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Durham University

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Dr Rachel Johnson

Assistant Professor (Modern African History) in the Department of History

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Rachel Johnson’s research focuses on the contemporary history of South Africa and combines interests in gender theory and the symbolic aspects of politics with a focus upon the ‘history making’ practices of social movements, human rights groups and government institutions. Her PhD thesis (University of Sheffield, 2010) examined the position of young black women within student and youth, anti-apartheid politics in South Africa from 1976 onwards. Before taking up her post at Durham she worked as a Research Associate for two inter-disciplinary research projects: Gendered Ceremony and Ritual in Parliaments and Understanding Institutional Change: A gender perspective, for which she explored the gendering of the post-apartheid state through a focus on the South African Parliament and the Constitutional Court. She is currently working on a new project writing a history of the South African Parliament 1910-2010, which approaches the institution as a place for the making and remaking of politics in colonial, apartheid and democratic South Africa.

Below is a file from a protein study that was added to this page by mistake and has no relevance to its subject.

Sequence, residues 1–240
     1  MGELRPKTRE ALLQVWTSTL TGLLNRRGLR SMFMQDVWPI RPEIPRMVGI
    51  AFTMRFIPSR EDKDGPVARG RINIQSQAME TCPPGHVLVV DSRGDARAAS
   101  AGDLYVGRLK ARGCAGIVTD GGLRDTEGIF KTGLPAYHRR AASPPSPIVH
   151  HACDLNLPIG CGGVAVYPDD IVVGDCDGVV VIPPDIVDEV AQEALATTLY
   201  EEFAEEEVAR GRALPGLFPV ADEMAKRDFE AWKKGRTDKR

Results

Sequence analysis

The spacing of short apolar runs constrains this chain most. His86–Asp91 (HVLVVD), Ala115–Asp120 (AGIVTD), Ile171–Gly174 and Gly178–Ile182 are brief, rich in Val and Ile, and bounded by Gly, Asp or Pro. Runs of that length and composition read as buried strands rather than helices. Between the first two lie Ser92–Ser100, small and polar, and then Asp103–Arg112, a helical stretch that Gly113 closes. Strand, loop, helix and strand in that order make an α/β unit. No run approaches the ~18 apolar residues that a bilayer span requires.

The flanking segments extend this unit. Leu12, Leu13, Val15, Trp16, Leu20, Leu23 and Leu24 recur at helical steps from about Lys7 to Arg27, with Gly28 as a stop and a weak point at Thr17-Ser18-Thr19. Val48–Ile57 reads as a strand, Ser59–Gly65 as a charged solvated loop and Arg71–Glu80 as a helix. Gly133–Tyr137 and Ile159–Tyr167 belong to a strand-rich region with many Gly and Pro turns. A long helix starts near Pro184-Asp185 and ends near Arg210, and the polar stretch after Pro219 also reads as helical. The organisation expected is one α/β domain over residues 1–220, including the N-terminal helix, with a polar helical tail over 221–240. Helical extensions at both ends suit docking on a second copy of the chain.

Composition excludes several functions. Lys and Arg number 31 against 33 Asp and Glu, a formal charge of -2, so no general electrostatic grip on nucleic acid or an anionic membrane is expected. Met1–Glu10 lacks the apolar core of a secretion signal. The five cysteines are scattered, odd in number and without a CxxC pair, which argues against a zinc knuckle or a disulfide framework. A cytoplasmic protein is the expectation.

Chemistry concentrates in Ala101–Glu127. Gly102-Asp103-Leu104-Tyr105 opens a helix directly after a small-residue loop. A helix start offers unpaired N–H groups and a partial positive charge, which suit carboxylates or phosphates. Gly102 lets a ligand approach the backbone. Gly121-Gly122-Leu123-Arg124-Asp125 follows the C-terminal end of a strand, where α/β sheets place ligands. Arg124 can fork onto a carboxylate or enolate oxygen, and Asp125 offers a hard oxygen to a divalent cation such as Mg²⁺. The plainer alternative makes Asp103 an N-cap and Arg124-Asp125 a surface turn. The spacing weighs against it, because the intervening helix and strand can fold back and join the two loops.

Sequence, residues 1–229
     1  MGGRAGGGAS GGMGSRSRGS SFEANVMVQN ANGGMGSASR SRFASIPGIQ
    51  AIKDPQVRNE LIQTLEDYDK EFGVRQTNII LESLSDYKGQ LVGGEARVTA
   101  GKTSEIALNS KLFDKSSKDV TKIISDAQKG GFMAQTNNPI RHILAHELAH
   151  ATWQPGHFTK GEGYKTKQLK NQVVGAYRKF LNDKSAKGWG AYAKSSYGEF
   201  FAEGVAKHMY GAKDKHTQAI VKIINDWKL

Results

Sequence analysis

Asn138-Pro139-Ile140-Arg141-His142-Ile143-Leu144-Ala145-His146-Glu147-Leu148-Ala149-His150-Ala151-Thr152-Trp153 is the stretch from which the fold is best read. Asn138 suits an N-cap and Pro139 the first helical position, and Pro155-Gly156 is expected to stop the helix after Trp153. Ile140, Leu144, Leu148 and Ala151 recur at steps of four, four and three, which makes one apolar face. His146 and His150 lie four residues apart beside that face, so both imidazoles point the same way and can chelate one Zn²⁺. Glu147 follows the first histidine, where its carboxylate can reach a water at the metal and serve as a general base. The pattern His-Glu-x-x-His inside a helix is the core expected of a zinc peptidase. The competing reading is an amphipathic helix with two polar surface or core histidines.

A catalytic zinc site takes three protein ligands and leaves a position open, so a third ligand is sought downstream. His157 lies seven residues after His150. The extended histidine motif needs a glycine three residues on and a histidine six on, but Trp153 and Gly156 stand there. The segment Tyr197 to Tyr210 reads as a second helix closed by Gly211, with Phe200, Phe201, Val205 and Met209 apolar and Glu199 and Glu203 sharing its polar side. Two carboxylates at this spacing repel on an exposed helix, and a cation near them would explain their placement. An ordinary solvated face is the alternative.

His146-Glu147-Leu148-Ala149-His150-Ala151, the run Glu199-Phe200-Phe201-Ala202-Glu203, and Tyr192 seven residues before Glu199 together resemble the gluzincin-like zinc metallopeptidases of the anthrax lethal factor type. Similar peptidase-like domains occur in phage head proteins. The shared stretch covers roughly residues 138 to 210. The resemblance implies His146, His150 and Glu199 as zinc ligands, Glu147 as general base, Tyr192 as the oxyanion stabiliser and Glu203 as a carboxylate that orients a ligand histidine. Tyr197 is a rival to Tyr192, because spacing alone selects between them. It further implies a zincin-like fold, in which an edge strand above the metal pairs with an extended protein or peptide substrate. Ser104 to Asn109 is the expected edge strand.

Research Groups

Department of History

Research Interests

  • Gender History
  • History of Parliaments
  • Modern South African History
  • Political Cultures
  • Public History


Chapter in book

  • Johnson, Rachel, Armitage, Faith & Spary, Carole (2014). 'The Speakership and Parliamentary Feminisation: The Emergence and Impact of First Female Speakers'; 'Disrupting Deliberation: Comparing Repertoires of Parliamentary Representation'; and ‘Pageantry as Politics: The State Opening of Parliaments’. In Democracy in Practice. Johnson, Rachel & Rai, Shirin Palgrave-Macmillan.

Edited book

Journal Article